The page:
Israeli startup helps protect ships from cyber pirates

Maritime industry turns to new technologies in order to comply with updated global regulations

Cydome's technology aims to protect vessels from malicious actors. (photo credit: Courtesy)
Cydome's technology aims to protect vessels from malicious actors.
(photo credit: Courtesy)
An Israeli startup is bringing the defenses of ships and ports up to speed, as the maritime sector focuses on the growing cybersecurity threats facing the industry.

Cydome, which first began operations in 2019, has launched an end-to-end cybersecurity solution intended to bring vessels and ports into compliance with new global regulations that came into effect at the beginning of the year.

Damage from a single attack can reach several million dollars for each incident, Nir Ayalon, CEO and founder of Cydome, told The Media Line. “A hacker can do several things. … A vessel is a very complicated system with a lot of subsystems,” he also said. 

“We are in a very special moment in the maritime industry,” he added, explaining that the entire sector is in the process of updating its onboard technological systems.

The year 2021 has ushered in a new era for maritime cybersecurity. The International Maritime Organization, a United Nations body responsible for regulating shipping, began implementing a series of regulations aimed at lowering the risk of cyberattacks on the high seas. As of January 1, all vessel owners and operators are required to comply with what is known as Resolution MSC.428(98), which aims to ensure that safety management systems are up to par.

As more and more devices onboard vessels are digitized, the US Coast Guard also recently issued a new set of guidelines intended to counter cyberattacks at Maritime Transportation Security Act-regulated facilities.

“The cyber landscape in the Marine Transportation System is continually evolving,” according to a statement from the Coast Guard. “Cybersecurity, safety and risk management are of utmost importance as computer systems and technology play an increasing role in systems and equipment throughout the maritime environment.”

Ports and ships have become an increasingly attractive target for hackers. The cybersecurity platform Mission Secure reports that attacks on vessels’ operational technology networks and systems have increased by 900% in the past three years.

Last fall, for example, Carnival Corporation reported that the personal data of guests and staff of Carnival, Holland America and Seabourn Cruise Lines were leaked in a ransomware attack. In June, Danish shipping giant Maersk announced a loss of $200 million-$300 million following an incident that disrupted critical systems and left it temporarily unable to process shipping orders.

As a result, more and more maritime companies are turning to Cydome for help. The Tel Aviv-based firm’s system already has been deployed in three companies, including an Israeli shipping company and a Dutch tanker operator.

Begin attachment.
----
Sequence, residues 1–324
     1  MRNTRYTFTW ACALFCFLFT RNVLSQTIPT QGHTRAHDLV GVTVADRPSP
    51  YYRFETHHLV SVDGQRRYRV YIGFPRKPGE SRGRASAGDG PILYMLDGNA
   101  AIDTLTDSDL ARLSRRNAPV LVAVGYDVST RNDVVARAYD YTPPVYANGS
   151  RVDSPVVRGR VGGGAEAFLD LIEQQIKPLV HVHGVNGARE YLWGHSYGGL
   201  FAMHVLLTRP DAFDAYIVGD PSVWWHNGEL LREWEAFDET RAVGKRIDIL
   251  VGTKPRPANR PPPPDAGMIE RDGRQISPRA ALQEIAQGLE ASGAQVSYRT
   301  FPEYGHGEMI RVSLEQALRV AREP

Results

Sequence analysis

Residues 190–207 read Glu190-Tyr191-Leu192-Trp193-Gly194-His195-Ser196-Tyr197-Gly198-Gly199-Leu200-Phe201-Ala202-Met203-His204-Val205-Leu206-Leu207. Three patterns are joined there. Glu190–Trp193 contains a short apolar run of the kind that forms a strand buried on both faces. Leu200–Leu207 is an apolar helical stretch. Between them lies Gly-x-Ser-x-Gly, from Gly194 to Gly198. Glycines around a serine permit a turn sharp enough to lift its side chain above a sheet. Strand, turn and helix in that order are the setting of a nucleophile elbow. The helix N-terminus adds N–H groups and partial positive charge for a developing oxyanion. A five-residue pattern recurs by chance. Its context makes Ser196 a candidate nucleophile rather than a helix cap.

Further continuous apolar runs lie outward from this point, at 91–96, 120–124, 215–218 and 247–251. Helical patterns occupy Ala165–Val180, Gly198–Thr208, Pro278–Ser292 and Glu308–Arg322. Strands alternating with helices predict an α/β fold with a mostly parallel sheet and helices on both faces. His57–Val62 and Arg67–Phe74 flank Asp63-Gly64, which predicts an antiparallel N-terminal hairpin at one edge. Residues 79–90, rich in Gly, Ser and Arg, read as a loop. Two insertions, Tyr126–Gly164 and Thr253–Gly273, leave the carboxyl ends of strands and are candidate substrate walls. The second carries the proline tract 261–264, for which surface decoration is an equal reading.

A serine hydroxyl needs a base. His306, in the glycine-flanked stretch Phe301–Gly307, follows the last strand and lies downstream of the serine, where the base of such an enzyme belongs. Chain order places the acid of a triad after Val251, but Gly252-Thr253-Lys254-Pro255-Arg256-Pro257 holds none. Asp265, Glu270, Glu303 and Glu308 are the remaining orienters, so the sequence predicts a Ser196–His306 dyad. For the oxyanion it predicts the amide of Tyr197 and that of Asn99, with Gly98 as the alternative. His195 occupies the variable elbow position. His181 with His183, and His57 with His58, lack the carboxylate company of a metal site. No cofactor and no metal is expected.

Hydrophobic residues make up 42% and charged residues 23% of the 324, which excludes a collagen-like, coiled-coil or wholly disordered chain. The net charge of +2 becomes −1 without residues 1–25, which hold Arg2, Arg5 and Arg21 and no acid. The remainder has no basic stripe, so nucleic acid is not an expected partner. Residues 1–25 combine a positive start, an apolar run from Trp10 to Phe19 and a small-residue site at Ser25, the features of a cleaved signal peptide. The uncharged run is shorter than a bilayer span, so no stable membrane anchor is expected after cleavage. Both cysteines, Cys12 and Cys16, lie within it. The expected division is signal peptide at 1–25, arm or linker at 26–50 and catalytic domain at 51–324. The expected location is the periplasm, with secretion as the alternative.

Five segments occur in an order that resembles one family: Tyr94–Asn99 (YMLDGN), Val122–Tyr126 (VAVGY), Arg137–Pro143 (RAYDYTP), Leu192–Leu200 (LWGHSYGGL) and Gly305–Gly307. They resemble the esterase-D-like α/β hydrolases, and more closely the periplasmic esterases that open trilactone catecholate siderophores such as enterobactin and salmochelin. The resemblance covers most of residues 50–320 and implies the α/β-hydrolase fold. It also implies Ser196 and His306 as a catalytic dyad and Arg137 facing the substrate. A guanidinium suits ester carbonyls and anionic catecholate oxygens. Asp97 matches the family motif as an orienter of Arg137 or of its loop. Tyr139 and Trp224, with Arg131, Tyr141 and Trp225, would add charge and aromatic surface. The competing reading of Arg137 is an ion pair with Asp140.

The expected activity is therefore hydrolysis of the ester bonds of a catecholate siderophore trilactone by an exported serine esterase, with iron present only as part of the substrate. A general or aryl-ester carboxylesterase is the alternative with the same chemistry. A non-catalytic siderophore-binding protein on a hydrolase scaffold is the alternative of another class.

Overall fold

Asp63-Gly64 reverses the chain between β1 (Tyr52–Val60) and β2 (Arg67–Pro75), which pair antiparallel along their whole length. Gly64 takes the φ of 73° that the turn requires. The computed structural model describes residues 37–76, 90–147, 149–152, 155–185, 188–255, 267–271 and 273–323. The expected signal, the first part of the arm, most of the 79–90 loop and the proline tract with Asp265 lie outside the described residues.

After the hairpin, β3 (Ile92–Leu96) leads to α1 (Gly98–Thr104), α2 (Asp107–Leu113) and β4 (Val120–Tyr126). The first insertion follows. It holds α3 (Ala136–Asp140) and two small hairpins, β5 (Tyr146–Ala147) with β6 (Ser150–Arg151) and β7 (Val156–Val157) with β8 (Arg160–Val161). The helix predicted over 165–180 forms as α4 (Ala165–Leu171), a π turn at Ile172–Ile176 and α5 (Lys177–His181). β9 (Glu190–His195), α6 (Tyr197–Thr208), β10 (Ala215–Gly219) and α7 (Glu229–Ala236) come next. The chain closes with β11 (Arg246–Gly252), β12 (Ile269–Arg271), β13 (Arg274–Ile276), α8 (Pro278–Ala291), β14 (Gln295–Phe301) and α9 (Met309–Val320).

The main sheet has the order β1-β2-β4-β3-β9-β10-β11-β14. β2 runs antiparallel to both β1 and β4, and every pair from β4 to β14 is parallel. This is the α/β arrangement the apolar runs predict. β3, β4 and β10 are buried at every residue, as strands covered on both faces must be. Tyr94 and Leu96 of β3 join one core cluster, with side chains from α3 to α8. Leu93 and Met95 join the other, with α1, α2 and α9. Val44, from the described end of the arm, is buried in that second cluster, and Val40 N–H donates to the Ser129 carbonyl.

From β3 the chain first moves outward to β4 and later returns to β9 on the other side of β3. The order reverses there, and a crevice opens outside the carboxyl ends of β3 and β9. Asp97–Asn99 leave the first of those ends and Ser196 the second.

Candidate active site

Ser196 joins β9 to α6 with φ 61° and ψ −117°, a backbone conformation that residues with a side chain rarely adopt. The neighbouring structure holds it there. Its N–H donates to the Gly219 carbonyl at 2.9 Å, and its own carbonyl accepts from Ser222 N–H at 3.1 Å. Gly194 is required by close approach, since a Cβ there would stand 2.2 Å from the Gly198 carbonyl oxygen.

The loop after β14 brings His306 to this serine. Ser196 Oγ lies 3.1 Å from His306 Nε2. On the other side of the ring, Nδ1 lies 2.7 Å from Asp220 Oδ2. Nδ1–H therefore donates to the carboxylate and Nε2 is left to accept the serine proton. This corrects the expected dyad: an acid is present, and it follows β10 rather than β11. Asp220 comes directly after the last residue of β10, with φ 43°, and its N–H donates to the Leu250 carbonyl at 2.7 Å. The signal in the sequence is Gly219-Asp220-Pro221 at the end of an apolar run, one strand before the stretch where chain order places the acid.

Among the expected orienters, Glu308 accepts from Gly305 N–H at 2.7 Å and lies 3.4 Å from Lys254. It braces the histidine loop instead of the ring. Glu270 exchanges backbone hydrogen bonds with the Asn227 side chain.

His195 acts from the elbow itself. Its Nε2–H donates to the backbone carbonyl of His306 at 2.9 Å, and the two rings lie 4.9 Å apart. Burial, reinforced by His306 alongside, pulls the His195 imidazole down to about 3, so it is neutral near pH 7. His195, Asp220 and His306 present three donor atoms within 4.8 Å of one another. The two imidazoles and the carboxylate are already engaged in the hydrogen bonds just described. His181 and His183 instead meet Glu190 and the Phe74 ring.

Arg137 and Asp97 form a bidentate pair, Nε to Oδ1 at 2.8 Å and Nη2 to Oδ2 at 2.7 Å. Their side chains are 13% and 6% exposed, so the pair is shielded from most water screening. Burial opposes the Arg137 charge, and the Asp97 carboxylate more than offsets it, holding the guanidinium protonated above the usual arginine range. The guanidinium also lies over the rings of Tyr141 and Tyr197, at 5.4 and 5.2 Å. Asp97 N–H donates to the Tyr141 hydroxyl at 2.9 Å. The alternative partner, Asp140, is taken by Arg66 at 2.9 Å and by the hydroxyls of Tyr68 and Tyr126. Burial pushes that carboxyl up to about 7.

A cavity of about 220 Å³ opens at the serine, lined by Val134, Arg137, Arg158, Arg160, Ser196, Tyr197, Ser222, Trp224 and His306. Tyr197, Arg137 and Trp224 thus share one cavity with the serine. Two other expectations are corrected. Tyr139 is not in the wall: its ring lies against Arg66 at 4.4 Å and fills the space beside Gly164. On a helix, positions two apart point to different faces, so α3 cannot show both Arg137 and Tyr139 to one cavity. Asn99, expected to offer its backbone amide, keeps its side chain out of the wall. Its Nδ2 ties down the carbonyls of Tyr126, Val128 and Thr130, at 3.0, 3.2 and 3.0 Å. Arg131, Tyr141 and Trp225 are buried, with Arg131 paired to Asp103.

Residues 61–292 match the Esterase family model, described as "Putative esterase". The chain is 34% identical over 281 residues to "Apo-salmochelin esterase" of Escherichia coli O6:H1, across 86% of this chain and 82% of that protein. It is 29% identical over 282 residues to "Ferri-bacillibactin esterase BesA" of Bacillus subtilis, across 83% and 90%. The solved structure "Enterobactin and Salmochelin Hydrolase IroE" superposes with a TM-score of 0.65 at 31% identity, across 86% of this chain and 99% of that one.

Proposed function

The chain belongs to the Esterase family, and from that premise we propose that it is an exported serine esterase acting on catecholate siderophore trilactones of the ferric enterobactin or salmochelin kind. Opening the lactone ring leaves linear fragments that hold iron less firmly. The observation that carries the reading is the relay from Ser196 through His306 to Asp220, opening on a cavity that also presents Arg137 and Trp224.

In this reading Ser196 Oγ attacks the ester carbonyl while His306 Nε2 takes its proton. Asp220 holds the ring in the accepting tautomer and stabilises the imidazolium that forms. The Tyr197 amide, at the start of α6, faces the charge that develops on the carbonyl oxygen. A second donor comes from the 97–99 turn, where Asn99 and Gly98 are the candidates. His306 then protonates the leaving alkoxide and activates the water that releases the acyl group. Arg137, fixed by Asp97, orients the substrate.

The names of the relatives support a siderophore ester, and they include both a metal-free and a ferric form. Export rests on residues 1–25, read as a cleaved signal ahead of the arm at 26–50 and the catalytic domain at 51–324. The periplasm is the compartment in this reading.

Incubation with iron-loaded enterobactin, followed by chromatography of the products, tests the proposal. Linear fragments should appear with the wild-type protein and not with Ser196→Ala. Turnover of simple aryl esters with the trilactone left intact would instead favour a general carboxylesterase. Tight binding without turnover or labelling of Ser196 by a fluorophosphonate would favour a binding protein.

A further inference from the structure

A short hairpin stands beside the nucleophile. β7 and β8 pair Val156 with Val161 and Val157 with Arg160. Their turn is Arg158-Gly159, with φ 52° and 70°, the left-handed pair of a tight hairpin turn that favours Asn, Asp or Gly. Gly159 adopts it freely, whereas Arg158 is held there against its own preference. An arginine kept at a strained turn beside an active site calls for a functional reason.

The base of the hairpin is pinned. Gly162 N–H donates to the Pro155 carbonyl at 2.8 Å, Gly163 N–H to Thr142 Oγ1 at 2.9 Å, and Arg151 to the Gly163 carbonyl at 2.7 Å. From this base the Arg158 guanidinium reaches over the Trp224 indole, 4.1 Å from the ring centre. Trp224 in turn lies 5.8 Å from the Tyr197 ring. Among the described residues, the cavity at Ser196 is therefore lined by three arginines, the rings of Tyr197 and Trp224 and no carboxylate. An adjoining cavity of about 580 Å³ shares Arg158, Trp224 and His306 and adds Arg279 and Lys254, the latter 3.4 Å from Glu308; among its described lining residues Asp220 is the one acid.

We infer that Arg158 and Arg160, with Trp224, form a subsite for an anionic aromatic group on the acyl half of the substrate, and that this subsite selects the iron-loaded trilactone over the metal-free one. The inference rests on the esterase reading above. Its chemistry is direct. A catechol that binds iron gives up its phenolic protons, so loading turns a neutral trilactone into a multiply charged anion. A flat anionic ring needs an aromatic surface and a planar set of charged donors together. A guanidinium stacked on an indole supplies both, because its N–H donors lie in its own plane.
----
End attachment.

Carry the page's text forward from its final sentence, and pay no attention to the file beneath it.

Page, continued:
The startup’s cybersecurity system is a hardware appliance with software that connects to the vessel’s network. Once installed, the solution maps all of the vessels assets — such as its communication system, engine and generator — seeking out vulnerabilities and patching them.

Eitan Yehuda is the director of technology at Cydome. He previously served for 25 years in the Israel Defense Forces in various technical capacities, starting as a naval officer and eventually being appointed to head the cyber defense infrastructure department of Mamram—the IDF’s Center of Computing and Information Systems.

“When we’re talking about the maritime industry — and this is actually why we decided to establish Cydome — we understood that the main threat will be cybercriminals but also nation-states, terrorists or hacktivists,” Yehuda told The Media Line.

He pointed to the massive oil spill that has drenched Israel’s coastline in tar, believed to have been caused by a Greek oil tanker. The Minerva Helen left Port Said, Egypt on February 11 en route to Israel and allegedly experienced a significant leak in international waters. Environmental experts warn that the cleanup of Israel’s beaches could take years.

While the incident is likely the result of an accident, Yehuda warned that a cybercriminal could easily replicate it.

“Just imagine if someone wanted to make this kind of disaster happen at one port,” Yehuda said. “He could easily remotely take control of the oil valve and open it.”

Israel is largely reliant on its three major international seaports — Haifa, Ashdod and Eilat — for commercial cargo. In fact, roughly 97% of cargo by weight arrives to the country by ship. For this reason, a seaport could become the target of an attack in the future.
While attacks do occur in the commercial sector on a regular basis, Yehuda asserts that most go unreported because companies are trying to avoid increasing their insurance premiums.

“The maritime industry is a very, very late adapter of new technologies,” he explained. “On the vessel, most of the technology is very old and they are not adopting any standard. This is the big issue.”
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Maritime transport plays a crucial role in international trade and the global economy. In fact, nearly 80% of global trade by volume and more than 70% of global trade by value are carried by sea, according to 2018 figures released by the United Nations Conference on Trade and Development, or UNCTAD.